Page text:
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'Kung Fu Panda 3' Lets Hollywood Break New Ground in China

When Dreamworks Animation's (DWA) animated film Kung Fu Panda 3 karate-chops its way into Chinese theaters on Jan. 29 it will break new ground for Hollywood, becoming the most extensive co-production between U.S. and Chinese media companies.

The film was created both at Dreamworks' California studio and at Oriental Dreamworks, a Shanghai-based studio formed in a 2013 joint venture between the Hollywood studio and four Chinese media companies that collectively own 54.5%.

Its majority ownership by Chinese companies gives Kung Fu Panda 3 homegrown status in the world's second-largest movie market. That enables it to bypass the country's strict quota system for foreign films, and gives it an advantageous release date during the blackout period just before the Chinese New Year and Spring Festival Golden Week when imported films are banned.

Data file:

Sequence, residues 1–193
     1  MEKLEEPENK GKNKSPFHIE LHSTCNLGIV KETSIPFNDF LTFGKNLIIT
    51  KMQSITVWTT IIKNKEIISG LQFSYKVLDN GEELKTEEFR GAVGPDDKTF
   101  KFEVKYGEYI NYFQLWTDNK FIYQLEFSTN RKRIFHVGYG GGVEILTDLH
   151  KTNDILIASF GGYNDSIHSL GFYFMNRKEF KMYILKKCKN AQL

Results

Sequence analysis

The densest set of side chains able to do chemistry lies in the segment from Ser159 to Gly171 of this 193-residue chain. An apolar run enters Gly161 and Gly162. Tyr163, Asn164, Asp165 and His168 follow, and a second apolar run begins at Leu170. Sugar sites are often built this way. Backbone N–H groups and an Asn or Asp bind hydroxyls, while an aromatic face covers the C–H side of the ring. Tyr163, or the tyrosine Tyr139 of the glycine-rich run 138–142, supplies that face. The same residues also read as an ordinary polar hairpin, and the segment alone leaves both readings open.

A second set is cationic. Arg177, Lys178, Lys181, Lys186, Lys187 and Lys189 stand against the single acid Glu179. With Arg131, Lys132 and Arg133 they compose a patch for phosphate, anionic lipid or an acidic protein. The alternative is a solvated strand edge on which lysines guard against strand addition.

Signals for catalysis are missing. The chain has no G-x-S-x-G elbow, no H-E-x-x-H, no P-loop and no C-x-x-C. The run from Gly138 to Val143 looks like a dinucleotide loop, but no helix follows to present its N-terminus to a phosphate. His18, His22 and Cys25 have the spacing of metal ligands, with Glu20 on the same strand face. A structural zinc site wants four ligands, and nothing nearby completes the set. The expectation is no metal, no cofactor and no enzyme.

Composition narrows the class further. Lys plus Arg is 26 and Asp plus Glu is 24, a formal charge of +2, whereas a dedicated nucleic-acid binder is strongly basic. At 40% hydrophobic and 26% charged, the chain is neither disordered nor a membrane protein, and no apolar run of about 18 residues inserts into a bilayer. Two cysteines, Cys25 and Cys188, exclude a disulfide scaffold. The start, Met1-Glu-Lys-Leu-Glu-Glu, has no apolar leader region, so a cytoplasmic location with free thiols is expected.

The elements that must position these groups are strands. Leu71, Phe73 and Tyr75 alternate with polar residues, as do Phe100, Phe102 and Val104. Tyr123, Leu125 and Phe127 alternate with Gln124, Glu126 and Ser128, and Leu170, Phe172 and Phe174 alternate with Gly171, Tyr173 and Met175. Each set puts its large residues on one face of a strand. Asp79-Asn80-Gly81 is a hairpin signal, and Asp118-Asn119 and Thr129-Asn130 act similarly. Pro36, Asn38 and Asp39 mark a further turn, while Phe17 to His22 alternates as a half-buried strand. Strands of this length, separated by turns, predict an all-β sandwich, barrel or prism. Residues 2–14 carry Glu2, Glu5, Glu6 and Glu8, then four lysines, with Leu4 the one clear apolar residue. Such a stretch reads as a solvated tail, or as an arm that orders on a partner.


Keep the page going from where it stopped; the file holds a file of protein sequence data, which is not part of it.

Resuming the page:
"This is a meaningful, significant and long-term play in China that should have a real impact on the industry," says Marc Ganis, president of Jiaflix, the Chinese production and marketing partner for Transformers: Age of Extinction that was produced by Viacom's (VIAB)  Paramount Pictures in 2014. "Because animated films play very well in China it ought to do very, very well with all of its benefits."

Those benefits include the ability to play in Chinese theaters for more than the 30-day limit usually placed on imported films, says Ganis. Because its producers were able to lock in the release date months ahead -- far more time than the government gives for imported films -- the film will benefit with more ads and other marketing ahead of its release, he said.

The Kung Fu Panda franchise, whose characters include an accident-prone panda voiced by comic actor Jack Black and other animals versed in the martial arts, is already a big fan favorite in China.